Liverpool City Council is looking to follow in Bristol City Council’s footsteps and set up its own energy company.
Elected mayor Joe Anderson will ask the city’s council to approve proposals to explore ways of establishing the company – provisionally known as ‘Liverpool LECCy’ – at its meeting on 18 March. The council would look to form a partnership with an existing supplier to offer lower tariffs.
Anderson said: “Cutting fuel bills is one of most significant ways we can help provide real and lasting benefit to Liverpool people. I want us to do something practical to help tackle fuel poverty, which is why we’re setting up this energy company – the Liverpool LECCy – which will be owned by and run for the people of the city, giving them a cheaper alternative energy provider.
One key priority for the energy company would be to find a solution for the 70,000 households – a third of all in the city – currently using costly pre-payment meters, who are unable to take advantage of cheaper direct debit deals. Liverpool Leccy, it’s proposed, would look to replace these with smart pay-as-you-go alternatives.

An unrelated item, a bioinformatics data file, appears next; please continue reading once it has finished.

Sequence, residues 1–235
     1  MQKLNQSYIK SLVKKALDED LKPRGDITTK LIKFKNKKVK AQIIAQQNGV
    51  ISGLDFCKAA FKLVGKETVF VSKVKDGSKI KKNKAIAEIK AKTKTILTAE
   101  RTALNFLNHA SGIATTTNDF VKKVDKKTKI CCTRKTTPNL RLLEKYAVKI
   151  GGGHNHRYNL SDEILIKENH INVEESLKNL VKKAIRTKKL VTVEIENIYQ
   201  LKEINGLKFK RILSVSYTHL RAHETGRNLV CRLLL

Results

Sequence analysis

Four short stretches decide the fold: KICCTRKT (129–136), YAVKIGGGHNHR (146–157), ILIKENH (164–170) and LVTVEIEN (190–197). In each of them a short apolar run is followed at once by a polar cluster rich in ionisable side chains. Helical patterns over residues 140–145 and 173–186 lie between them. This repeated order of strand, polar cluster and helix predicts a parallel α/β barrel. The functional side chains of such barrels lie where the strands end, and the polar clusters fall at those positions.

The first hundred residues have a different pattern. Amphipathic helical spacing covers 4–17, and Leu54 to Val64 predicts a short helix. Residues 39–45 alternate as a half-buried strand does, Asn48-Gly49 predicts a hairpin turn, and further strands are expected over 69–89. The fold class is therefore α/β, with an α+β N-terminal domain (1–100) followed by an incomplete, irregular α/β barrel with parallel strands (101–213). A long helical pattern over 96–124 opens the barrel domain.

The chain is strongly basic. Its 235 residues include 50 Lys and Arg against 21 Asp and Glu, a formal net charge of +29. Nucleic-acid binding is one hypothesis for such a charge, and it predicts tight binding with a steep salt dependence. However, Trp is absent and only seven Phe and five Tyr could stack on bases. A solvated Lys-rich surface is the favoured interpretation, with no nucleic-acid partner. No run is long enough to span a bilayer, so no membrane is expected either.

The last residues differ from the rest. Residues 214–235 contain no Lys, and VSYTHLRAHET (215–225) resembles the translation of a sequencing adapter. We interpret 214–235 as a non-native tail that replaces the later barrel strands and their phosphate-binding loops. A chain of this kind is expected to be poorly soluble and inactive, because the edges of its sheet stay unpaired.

“It’s absolutely heart-breaking how many families in this city are reliant on expensive prepayment meters and are, in effect, being penalised by paying more for their energy than those who are able to use direct debit, especially as single parent families are the hardest hit,” the mayor said.
Liverpool City Council has been working closely with other big cities which are also exploring this type of venture including Bristol, Nottingham and Leeds and is looking to share experiences with them. Bristol City Council launched its municipal energy company in February. The company will provide services to customers nationwide and profits will be invested back into Bristol, supporting council services to citizens and community projects. The company is looking to support local renewable energy generators. In Nottingham, Robin Hood Energy has a special tariff for Nottingham City residents and can specify lower rates in areas of high fuel poverty.